Making Sense of the Appraisal Process

A home purchase is the most significant investment most people may ever consider. Whether it's where you raise your family, an additional vacation property or a rental fixer upper, the purchase of real property is a detailed financial transaction that requires multiple people working in concert to pull it all off.

Most of the participants are quite familiar. The real estate agent is the most recognizable face in the transaction. Then, the bank provides the money needed to fund the exchange. And ensuring all requirements of the transaction are completed and that a clear title passes from the seller to the purchaser is the title company.

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So, what party makes sure the value of the real estate is in line with the amount being paid? In comes the appraiser. We provide an unbiased estimate of what a buyer could expect to pay — or a seller receive — for a property, where both buyer and seller are informed parties. A licensed, certified, professional appraiser from Anderson Appraisal, LLC will ensure, you as an interested party, are informed.

Appraisals start with the home inspection

To ascertain the true status of the property, it's our responsibility to first complete a thorough inspection. We must see features first hand, such as the number of bedrooms and bathrooms, the location, and so on, to ensure they truly are there and are in the shape a typical buyer would expect them to be. To make sure the stated square footage has not been misrepresented and illustrate the layout of the home, the inspection often includes creating a sketch of the floorplan. Most importantly, we look for any obvious amenities - or defects - that would affect the value of the house.

Back at the office, an appraiser uses two or three approaches to determining the value of real property: sales comparison and, in the case of a rental property, an income approach.

Cost Approach

This is where the appraiser analyzes information on local building costs, the cost of labor and other factors to calculate how much it would cost to replace the property being appraised. This estimate usually sets the maximum on what a property would sell for. It's also the least used method.

Sales Comparison

Appraisers become very familiar with the communities in which they appraise. They thoroughly understand the value of specific features to the people of that area. Then, the appraiser looks up recent transactions in close proximity to the subject and finds properties which are 'comparable' to the property in question. By assigning a dollar value to certain items such as remodeled rooms, types of flooring, energy efficient items, patios and porches, or additional storage space, we adjust the comparable properties so that they are more accurately in line with the features of subject property.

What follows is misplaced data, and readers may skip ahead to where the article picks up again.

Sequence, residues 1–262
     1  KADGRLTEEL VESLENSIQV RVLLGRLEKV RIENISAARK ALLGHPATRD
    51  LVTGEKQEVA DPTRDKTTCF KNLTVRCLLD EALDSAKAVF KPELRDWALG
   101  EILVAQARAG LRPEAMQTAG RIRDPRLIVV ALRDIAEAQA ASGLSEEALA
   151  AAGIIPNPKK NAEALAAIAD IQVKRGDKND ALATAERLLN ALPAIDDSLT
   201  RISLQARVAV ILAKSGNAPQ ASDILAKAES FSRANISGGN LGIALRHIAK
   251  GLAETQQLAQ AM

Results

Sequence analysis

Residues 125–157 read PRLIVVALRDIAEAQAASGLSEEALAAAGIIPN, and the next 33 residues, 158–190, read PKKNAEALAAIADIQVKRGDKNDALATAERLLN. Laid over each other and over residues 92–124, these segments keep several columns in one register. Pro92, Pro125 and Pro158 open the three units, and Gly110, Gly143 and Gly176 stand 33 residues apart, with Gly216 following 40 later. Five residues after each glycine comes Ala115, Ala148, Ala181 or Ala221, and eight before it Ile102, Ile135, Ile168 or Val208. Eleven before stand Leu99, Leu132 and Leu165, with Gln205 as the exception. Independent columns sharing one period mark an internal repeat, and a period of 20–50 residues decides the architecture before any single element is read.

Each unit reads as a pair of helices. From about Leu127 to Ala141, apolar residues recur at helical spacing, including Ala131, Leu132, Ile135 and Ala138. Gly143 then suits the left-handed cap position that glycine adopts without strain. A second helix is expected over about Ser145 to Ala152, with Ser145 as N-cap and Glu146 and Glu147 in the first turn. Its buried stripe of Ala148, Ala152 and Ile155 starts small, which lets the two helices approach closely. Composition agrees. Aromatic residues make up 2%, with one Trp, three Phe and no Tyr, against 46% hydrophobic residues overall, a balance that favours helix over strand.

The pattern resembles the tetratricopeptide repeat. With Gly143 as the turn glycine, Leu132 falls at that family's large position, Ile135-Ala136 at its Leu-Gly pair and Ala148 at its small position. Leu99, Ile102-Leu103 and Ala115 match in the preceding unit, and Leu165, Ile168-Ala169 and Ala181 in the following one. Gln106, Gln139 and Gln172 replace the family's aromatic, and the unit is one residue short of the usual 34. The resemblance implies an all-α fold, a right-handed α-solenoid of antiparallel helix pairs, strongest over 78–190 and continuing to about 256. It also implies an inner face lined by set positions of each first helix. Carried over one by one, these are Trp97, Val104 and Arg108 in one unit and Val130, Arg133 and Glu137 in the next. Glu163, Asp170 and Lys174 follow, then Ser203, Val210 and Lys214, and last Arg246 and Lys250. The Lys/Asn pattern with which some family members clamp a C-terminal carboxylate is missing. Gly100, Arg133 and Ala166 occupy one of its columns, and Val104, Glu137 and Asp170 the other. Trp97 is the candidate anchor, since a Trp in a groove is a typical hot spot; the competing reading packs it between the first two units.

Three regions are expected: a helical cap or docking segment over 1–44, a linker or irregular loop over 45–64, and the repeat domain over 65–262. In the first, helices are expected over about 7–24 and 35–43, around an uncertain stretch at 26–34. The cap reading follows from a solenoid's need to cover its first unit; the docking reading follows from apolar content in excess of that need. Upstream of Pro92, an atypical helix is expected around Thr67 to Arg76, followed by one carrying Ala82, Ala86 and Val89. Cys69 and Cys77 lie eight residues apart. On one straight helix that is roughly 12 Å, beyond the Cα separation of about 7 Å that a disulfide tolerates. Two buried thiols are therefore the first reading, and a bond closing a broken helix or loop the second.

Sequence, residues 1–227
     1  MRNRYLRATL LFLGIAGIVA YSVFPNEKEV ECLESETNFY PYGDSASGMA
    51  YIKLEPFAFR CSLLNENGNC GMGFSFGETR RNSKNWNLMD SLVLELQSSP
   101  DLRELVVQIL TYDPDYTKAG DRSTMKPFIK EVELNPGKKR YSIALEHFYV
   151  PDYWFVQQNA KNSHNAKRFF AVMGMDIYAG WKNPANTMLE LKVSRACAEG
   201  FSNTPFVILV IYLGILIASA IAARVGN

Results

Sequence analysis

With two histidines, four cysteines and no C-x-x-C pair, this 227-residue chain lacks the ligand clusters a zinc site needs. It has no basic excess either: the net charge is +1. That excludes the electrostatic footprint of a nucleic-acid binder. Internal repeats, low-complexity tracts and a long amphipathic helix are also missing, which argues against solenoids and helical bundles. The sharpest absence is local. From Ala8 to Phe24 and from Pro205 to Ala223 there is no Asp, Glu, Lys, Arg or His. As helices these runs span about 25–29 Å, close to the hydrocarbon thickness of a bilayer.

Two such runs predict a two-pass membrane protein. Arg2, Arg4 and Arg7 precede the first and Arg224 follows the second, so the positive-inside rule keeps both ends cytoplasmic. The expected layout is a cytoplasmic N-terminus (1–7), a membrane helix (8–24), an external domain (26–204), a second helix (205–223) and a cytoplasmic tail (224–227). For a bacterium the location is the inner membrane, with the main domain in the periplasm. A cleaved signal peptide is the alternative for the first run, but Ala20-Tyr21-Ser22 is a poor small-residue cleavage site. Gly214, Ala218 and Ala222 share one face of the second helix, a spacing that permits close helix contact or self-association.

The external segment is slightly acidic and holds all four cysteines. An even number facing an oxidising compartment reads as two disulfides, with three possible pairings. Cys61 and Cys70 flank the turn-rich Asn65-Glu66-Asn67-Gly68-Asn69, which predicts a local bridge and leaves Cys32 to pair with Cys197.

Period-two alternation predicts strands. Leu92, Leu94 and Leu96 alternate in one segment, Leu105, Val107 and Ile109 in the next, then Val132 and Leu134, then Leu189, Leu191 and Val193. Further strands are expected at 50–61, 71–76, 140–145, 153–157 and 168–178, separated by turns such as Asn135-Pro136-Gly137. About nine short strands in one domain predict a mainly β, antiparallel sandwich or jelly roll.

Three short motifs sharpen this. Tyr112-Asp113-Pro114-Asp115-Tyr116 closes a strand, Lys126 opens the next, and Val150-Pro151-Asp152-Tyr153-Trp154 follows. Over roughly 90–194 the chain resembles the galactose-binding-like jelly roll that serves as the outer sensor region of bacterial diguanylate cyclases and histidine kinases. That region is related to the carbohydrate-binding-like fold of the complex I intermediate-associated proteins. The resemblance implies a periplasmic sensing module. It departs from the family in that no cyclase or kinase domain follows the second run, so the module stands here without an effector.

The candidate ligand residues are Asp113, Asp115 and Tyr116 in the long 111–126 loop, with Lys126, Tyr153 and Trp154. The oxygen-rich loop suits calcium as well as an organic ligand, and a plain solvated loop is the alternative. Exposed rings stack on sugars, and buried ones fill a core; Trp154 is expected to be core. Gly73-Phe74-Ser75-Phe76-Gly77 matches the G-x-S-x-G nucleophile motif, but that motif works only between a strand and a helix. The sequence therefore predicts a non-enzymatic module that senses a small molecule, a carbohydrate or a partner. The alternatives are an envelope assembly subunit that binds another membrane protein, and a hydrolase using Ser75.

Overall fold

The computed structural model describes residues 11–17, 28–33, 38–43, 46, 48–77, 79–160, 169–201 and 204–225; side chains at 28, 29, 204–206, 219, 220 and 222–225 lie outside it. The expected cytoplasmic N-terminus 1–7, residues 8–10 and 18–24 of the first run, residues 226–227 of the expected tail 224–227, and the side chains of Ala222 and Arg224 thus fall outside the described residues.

• For example, if the comparable has an irrigation system and the subject does not, the appraiser may subtract the value of an irrigation system from the sales price of the comparable home.
  • But, in the case where the subject has something such as an extra half bath that a comparable doesn't have, the appraiser might add the value of that bath to the comparable property.

An opinion of what the subject could sell for can only be determined once all differences between the comps and the subject have been evaluated. When it comes to knowing the true worth of features of homes in Amarillo and Potter, Anderson Appraisal, LLC can't be beat. This approach to value is commonly awarded the most consideration when an appraisal is for a home exchange.

Valuation Using the Income Approach

A third way of valuing approach to value is sometimes applied when an area has a measurable number of rental properties. In this scenario, the amount of revenue the real estate produces is factored in with income produced by neighboring properties to give an indicator of the current value.

Reconciliation

Combining information from all approaches, the appraiser is then ready to document an estimated market value for the property at hand. Note: While this amount is probably the most reliable indication of what a house is worth, it may not be the price at which the property closes. Depending on the individual circumstances of the buyer or seller, their level of urgency or a buyer's desire for that exact property, the closing price of a home can always be driven up or down.Regardless, the appraised value is often used as a guideline for lenders who don't want to loan a buyer more money than the property is actually worth. Here's what it all boils down to, an appraiser from Anderson Appraisal, LLC will guarantee you discover the most fair and balanced property value, so you can make profitable real estate decisions.